A retired Navy captain who was the lead public affairs officer for the U.S. Pacific Fleet pleaded guilty Tuesday to secretly providing public relations advice to corrupt Malaysian contractor Leonard Glenn "Fat Leonard" Francis, becoming the latest officer caught in the long-running corruption investigation.
The plea from Capt. Jeffrey Breslau, 52, not only adds another name to the lengthy list of current and former Navy officers and officials charged in the scheme, but also reveals yet another aspect of Navy operations that Francis corrupted -- to the point the official was literally working for Francis.
Breslau provided advice and help to Francis on how to respond to investigations that his own service was conducting of Francis's company, according to federal prosecutors in San Diego.
Also on Tuesday, a retired master chief was sentenced to 17 months in prison after admitting he accepted gifts from Francis, such as cash and paid-for rooms in fancy hotels, in return for allowing the contractor to grossly inflate bills submitted to the Navy for services provided during port stays.
Breslau was the director of public affairs for the U.S. Pacific Fleet, according to federal prosecutors in San Diego. Yet while he did public relations work for the fleet, for more than a year from March 2012 to September 2013, he worked secretly for Francis -- advising him on how best to respond to what was then a growing number of inquiries about Francis' operation from inside the Navy.
By then Navy investigators were on to Francis' years-long corruption scheme, where he bribed Navy officers and civilians with cash, services of prostitutes, fancy hotel rooms, all-expense-paid travel and other gifts.
In exchange, the Navy officials provided Francis information on upcoming port stays for Navy ships, used their influence to try to steer visits to ports where Francis controlled the ship servicing operations, bad-mouthed competitors to Francis's company Glenn Defense Marine Asia and helped him push through inflated or bogus invoices for the services his company provided.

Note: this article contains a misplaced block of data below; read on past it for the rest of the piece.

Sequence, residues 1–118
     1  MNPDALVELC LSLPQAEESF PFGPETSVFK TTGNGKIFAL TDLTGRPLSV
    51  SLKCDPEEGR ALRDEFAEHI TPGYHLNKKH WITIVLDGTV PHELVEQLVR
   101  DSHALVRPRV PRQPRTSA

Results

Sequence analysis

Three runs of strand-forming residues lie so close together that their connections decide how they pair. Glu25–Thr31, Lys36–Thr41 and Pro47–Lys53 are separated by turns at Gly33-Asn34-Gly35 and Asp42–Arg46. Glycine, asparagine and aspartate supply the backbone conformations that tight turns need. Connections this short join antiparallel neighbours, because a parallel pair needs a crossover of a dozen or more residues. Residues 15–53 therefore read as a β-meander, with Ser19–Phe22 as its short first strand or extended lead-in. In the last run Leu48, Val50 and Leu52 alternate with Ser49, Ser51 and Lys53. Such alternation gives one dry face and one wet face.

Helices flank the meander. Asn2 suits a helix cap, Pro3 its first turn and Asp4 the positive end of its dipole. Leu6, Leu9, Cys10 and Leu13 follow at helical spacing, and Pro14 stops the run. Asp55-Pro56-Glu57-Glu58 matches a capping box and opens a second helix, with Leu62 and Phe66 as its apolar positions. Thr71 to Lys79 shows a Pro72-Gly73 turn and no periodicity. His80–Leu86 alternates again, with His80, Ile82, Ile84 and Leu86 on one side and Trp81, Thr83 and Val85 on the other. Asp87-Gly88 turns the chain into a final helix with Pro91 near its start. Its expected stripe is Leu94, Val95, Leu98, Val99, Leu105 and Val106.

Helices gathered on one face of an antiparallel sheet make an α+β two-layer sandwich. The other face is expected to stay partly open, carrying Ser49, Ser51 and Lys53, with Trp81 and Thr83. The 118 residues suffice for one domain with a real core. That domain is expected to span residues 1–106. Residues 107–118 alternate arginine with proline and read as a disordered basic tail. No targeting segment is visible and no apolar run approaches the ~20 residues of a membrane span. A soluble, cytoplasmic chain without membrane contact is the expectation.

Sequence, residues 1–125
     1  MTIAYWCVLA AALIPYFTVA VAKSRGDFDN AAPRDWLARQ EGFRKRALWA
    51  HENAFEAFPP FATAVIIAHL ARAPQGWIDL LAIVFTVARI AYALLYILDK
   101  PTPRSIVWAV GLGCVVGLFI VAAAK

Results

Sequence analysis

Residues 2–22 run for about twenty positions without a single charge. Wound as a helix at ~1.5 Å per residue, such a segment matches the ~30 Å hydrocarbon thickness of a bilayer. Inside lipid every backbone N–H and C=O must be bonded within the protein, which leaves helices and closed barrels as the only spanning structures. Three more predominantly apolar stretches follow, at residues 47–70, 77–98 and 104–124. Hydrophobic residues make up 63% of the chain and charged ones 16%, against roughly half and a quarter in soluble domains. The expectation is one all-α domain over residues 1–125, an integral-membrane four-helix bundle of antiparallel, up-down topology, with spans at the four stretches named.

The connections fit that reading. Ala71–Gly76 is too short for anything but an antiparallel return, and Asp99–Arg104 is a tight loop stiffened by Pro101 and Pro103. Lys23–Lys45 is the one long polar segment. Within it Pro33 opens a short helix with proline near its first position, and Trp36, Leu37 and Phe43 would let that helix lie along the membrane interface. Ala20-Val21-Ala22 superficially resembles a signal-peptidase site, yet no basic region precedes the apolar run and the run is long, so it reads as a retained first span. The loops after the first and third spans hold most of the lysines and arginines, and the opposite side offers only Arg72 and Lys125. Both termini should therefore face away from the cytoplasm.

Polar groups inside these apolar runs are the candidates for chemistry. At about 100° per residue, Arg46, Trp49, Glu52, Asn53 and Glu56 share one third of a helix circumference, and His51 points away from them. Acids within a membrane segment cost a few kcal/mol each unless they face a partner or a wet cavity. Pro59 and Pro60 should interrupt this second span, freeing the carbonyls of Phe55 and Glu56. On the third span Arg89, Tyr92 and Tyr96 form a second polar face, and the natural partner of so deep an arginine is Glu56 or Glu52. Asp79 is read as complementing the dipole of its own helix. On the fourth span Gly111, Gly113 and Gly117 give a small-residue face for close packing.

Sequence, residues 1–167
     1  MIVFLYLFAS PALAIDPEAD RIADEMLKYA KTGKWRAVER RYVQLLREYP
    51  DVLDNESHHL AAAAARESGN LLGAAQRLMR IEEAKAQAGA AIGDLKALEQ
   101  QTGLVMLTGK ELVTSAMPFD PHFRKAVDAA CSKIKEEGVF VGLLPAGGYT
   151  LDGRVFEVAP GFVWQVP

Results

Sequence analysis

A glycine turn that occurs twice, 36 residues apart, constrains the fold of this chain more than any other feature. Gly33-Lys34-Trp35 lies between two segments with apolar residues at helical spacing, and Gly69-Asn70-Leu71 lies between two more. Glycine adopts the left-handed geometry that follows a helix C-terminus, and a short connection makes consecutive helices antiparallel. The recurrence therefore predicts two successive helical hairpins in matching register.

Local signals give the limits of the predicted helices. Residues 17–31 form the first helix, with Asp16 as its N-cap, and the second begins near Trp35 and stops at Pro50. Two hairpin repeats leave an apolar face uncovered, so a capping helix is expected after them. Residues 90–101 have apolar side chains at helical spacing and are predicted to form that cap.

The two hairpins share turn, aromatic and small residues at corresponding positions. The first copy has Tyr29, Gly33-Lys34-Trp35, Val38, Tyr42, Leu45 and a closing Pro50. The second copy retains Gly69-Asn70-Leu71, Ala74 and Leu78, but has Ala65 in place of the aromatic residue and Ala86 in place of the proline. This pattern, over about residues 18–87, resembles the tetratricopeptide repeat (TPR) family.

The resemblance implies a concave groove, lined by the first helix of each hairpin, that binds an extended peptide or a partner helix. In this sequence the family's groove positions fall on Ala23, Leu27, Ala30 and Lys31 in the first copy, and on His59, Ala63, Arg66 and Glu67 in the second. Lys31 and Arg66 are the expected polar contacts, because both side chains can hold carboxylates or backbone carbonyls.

Breslau's plea agreement said Francis paid him $65,000 for consulting services during that time period, and Breslau never told the Navy of the agreement. Among the issues he consulted on were port visit costs the Navy was billed for by GDMA, disputes with competitors and controversies over the illegal dumping of waste in ocean waters.
The plea agreement itemized some of the work Breslau did for Francis, including reviewing or editing 33 documents, writing 135 emails that provided "substantive advice" to the contractor, drawing up talking points for meetings with Navy officials 14 separate times and ghostwriting emails for Francis sent to Navy personnel.
Breslau pleaded guilty to one charge of criminal conflict of interest and is scheduled to be sentenced Feb. 9. He had initially been charged on Sept. 28 in federal court in San Diego and has been free on bond since. Prosecutors said in the plea agreement that the "breadth and scope" of his conduct damaged the service.
His "willful illegal conduct in providing consulting services to Francis/GDMA substantially disrupted the functions of the U.S. Navy, including the discussions, meetings, and negotiations between Francis and other U.S. Navy personnel, who were unaware of the consulting services defendant was performing on GDMA's behalf," prosecutors alleged.
Breslau's role on Francis' payroll as a public relations adviser further outlines the extent of Francis' network of corruption that spread throughout the Navy's Seventh Fleet. He had an investigator with the Navy Criminal Investigative Services who gave him confidential files detailing ongoing investigations of Francis, logistics officers who told him about Navy efforts to control costs and how to evade them, and contracting officers who steered work to GDMA.
So far 33 people have been charged in the scheme and 22, -- including Francis -- have pleaded guilty. Francis was arrested five years ago and since then has been cooperating with prosecutors as they have unraveled his network.
Francis has admitted to overbilling the Navy some $35 million for services that his company provided military ships, such as trash removal, water and security.
Retired Master Chief Ricarte Icmat David pleaded guilty in September to one charge of conspiracy to commit honest services fraud. He worked in logistics for the Seventh Fleet from 2003 to 2012. A master chief is the highest pay grade for enlisted personnel.
In exchange for approving the inflated invoices, he got hotel rooms and prostitutes and, according to the indictment, $40,000 in cash, most of which apparently went to build a home in the Philippines, where David lives.
This article is written by Greg Moran from The San Diego Union-Tribune and was legally licensed via the Tribune Content Agency through the NewsCred publisher network. Please direct all licensing questions to email@example.com.